Mom, 22, Sues Over Failed Abortion After Giving Birth to a "Miracle" Baby Daughter
An Ohio woman is suing an abortion clinic after it failed to terminate her pregnancy.
The 22-year-old mother-of-two said that she had made the painful decision to end her pregnancy because her life was in danger. Doctors had originally warned Ariel Knights and her fiancé that a medical condition Knights suffers meant her life was at serious risk if she kept her baby.
She had undergone the abortion procedure 2012 at a northeast Ohio clinic, only to discover that she was still pregnant after the procedure. In a court filing, Knights claims that the doctors at the Akron Women's Medical Group were negligent and failed to successfully terminate her pregnancy, which eventually lead to the birth of her healthy baby daughter.
Knights said she had agonized over the decision, but because she had a preschool aged son and a fiancé to think about, she did what she felt like she needed to do and called the Akron Women's Medical Group to set an appointment for the abortion in March 2012.
"It was a decision I made because my life was in danger," she told the Beacon Journal. "I was put in jeopardy."
Knights said on the morning of her March 3, 2012 appointment, she and the other women at the clinic were being herded into the clinic's waiting room like cattle.
"Every seat was full. People were standing," Knights said. "It was pretty much like a slaughterhouse; it was like OK, next, next."
She said that when her name was called she walked into a cramped room, hopped onto a table as the doctor instructed and positioned her lower body over a trash bad. Later, when the doctor was finished, Knights, still faint from the sedation, was handed her belongings and shown out the door.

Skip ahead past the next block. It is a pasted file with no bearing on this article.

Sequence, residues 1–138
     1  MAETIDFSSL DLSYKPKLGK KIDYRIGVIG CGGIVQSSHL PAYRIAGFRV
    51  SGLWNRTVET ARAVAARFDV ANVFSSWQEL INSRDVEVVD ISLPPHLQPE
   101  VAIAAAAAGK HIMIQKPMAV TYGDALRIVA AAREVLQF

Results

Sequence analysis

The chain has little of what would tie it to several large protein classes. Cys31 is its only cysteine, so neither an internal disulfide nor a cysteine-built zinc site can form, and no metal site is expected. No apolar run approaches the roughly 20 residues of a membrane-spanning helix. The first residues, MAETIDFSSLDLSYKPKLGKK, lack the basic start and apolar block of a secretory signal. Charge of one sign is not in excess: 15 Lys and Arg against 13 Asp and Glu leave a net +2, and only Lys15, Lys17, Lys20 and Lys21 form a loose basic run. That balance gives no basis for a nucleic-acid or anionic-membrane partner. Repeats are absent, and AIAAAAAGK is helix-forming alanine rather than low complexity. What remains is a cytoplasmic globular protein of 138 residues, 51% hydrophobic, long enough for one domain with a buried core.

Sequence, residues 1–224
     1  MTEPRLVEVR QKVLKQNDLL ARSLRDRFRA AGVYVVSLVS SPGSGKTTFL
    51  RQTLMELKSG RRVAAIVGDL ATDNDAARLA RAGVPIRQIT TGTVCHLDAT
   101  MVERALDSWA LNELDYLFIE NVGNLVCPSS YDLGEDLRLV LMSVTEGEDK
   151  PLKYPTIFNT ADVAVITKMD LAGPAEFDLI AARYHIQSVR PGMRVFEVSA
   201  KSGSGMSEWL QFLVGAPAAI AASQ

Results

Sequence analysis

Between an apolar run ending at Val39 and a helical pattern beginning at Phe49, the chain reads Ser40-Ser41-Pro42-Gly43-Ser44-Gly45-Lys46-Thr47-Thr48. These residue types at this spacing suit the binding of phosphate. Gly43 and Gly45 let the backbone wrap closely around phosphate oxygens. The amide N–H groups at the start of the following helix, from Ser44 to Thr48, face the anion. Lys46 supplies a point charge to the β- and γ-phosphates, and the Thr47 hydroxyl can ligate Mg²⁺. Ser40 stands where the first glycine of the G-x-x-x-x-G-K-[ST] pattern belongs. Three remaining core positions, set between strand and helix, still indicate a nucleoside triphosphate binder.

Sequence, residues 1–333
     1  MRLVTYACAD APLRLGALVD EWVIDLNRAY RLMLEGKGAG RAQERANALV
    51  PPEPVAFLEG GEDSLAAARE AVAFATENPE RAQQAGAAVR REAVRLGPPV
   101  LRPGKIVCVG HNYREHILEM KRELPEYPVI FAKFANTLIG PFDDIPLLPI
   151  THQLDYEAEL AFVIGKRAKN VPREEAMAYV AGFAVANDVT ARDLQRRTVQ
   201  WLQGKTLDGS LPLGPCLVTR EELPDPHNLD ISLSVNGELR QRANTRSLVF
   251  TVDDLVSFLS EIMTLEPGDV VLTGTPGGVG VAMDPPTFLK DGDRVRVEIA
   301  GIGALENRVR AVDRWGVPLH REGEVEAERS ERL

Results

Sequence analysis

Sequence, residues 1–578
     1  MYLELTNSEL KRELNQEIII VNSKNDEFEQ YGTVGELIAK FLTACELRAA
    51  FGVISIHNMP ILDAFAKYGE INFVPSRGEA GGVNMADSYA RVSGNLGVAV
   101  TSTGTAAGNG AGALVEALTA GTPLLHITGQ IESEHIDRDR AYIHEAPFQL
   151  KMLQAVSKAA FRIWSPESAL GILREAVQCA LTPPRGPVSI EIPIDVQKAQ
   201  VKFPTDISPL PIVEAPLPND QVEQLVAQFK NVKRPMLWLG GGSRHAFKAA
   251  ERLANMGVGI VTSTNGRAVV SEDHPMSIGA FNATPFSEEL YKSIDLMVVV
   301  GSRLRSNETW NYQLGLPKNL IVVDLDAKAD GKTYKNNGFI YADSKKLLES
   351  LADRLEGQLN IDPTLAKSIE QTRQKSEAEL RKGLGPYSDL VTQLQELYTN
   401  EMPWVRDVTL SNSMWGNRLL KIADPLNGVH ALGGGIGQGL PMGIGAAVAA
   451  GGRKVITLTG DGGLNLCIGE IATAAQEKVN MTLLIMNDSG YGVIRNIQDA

"(The doctor) said, 'All right, everything's good and clear, everything went well,'" she said.
It wasn't until days later when she was rushed to the ER because she was in severe pain, did she find out that she was still pregnant.
"The look on (the doctor's) face when he found out, he was like, 'Oh my goodness, honey, you're still pregnant,'" she told the Beacon Journal. "My fiancé and I, we both were kind of in shock."
Afterwards, she called the Akron abortion clinic. She was told that she could visit their Cleveland-area office but she declined. According to the lawsuit, she then called another clinic, but staff their said they would not treat her for "somebody else's mistake".
Knights and her fiancé then decided to go ahead with the pregnancy. Because she suffered uterine didelphys, a genetic condition which results in a double uterus with individual cervices, she said she spend the rest of her pregnancy in a state of constant fear. She had learned of her condition was she was carrying her son, but because he was carried in her left uterus, which doctors said was healthy enough to hold a baby to near full-term, she had gone ahead with his delivery. However, when she was pregnant with her second child, doctors said the fetus was located in her weaker right uterus. She said the fear that her right uterus would fail never left her during her second pregnancy.
"I can't explain how I felt. It was just a sense of being overwhelmed, wondering what happened to the baby, wondering what's happening to me and what did (the clinic) think they did," she said. "It was just constant stress."
She says she considers her daughter her "miracle baby" and that she does not like to think of what would have happened had doctors successfully terminated her pregnancy.
"That's a sore subject to think about," she told the Journal. "I mean, it's just hard, thinking she's here and thinking, if they would have done their job... It's just something I don't like to think about."
She is now seeking unspecified damages of at least $25,000 for pain, suffering and emotional distress she claims the failed abortion has caused her.
The Akron Women's Medical Group is, however, denying any negligence and is seeking to have the case dismissed.
"I believe my client absolutely met the standard of care and that this case has no basis to be in litigation," D. Cheryl Atwell, an attorney who represents the medical group and the doctors, said Monday, according to Fox News.
Lawyers on both sides are still exchanging medical records and Atwell has declined to comment further.